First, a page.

Vitamin B3 Deficiency

General text about the lack of vitamins can be found here.


Vitamin B3 is the name given to substance known as niacin (nicotinic acid). Like the other B-complex vitamins niacin is also important for the metabolism of essential nutrients and energetic metabolism. It is found in yeast, offal, fish, and nuts. Vitamin B3 given in high doses lowers high cholesterol level.


Vitamin B3 deficiency is usually associated with chronic alcoholism and malnutrition. Higher risk is reported in people with anorexia nervosa and patients with malabsorption of nutrients in the digestive tract.


Vitamin B3 deficiency manifests with general and vague symptoms such as fatigue, depressive mood, loss of appetite and vomiting. Severe deficiency leads to development of a disease known as pellagra. The pellagra is also called as “Triple D disease” as it manifests with Dementia (confusion, hallucinations), Dermatitis (skin inflammation with rash) and Diarrhea. However, fully manifesting pellagra is virtually absent in developed countries.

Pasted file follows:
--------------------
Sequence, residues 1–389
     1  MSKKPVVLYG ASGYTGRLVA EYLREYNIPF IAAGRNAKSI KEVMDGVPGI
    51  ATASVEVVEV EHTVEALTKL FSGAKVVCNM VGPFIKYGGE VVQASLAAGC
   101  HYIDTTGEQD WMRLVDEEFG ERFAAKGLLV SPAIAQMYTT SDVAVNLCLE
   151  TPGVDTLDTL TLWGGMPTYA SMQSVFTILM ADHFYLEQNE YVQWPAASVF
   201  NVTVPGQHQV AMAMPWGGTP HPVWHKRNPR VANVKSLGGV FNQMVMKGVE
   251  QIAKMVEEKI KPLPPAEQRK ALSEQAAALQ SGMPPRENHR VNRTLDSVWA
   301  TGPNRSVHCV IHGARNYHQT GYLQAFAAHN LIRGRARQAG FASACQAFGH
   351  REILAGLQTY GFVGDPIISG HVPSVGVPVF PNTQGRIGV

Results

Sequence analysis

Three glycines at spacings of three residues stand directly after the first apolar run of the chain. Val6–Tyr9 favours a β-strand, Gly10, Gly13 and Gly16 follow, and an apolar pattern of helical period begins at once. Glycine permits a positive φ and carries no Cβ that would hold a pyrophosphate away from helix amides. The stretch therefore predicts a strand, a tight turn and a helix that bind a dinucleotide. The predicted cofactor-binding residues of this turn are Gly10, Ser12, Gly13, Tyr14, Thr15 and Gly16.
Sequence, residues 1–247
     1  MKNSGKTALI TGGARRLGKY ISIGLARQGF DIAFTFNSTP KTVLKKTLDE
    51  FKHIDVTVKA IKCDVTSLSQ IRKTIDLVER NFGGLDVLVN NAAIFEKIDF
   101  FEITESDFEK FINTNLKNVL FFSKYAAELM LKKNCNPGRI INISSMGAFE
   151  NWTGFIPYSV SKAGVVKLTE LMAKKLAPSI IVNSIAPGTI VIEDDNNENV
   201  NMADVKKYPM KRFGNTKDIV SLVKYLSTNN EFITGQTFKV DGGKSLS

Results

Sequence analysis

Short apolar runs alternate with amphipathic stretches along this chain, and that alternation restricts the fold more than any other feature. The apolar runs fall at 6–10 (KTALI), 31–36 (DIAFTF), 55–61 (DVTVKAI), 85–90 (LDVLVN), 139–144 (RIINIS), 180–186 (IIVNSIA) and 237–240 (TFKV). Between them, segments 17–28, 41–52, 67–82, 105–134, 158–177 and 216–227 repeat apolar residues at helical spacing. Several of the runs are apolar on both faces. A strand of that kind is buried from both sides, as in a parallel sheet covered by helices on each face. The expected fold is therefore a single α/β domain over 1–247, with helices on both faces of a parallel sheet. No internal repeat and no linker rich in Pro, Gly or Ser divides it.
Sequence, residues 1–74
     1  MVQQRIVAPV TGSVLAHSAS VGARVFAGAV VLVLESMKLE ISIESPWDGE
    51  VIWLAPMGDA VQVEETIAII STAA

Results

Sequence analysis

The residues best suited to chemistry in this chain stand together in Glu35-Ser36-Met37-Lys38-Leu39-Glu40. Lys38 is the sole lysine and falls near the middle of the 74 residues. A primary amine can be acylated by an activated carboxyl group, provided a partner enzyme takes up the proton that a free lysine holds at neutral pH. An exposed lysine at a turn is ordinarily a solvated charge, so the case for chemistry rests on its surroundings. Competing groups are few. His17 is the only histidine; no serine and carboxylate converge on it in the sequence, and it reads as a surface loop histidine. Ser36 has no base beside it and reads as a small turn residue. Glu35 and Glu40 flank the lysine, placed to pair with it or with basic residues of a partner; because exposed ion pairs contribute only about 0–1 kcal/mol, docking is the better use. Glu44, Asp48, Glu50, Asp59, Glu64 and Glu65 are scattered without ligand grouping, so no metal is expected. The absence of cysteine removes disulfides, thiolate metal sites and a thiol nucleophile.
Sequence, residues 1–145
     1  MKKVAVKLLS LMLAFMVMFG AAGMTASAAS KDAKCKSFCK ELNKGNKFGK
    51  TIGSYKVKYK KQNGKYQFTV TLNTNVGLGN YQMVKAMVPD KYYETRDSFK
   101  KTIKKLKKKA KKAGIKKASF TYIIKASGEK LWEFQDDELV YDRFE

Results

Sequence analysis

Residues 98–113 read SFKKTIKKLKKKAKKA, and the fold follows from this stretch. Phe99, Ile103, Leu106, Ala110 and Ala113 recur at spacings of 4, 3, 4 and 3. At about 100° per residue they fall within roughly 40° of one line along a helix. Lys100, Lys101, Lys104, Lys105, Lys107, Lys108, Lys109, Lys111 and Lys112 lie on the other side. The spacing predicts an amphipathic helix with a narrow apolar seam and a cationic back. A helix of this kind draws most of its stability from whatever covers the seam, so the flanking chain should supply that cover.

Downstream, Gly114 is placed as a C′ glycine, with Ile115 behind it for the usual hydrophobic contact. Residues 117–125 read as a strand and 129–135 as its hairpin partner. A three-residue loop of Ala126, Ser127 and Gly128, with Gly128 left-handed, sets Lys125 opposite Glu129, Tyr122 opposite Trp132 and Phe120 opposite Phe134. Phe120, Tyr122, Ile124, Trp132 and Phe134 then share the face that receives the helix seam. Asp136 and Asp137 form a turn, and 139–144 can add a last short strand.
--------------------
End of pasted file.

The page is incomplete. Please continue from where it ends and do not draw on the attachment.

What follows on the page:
Lack of B vitamins, including niacin, should be expected in all patients with the above-mentioned risk factors (see Causes) and appropriate supplementation should be given before occurrence of the symptoms.


The best solution is to increase the intake of niacin in the diet. When this is not possible, we can administer the vitamin as a dietary supplement. However, higher doses of niacin (given over 50 milligrams a day) may have side effects such as burning and redness of the face and very high doses have been reported to cause liver damage with elevated liver tests and occurrence of peptic ulcers. This is also the reason, why niacin did not become the hypolipidemic drug of first choice.


Jiri Stefanek, MD  Author of texts: Jiri Stefanek, MD
 Sources: basic text sources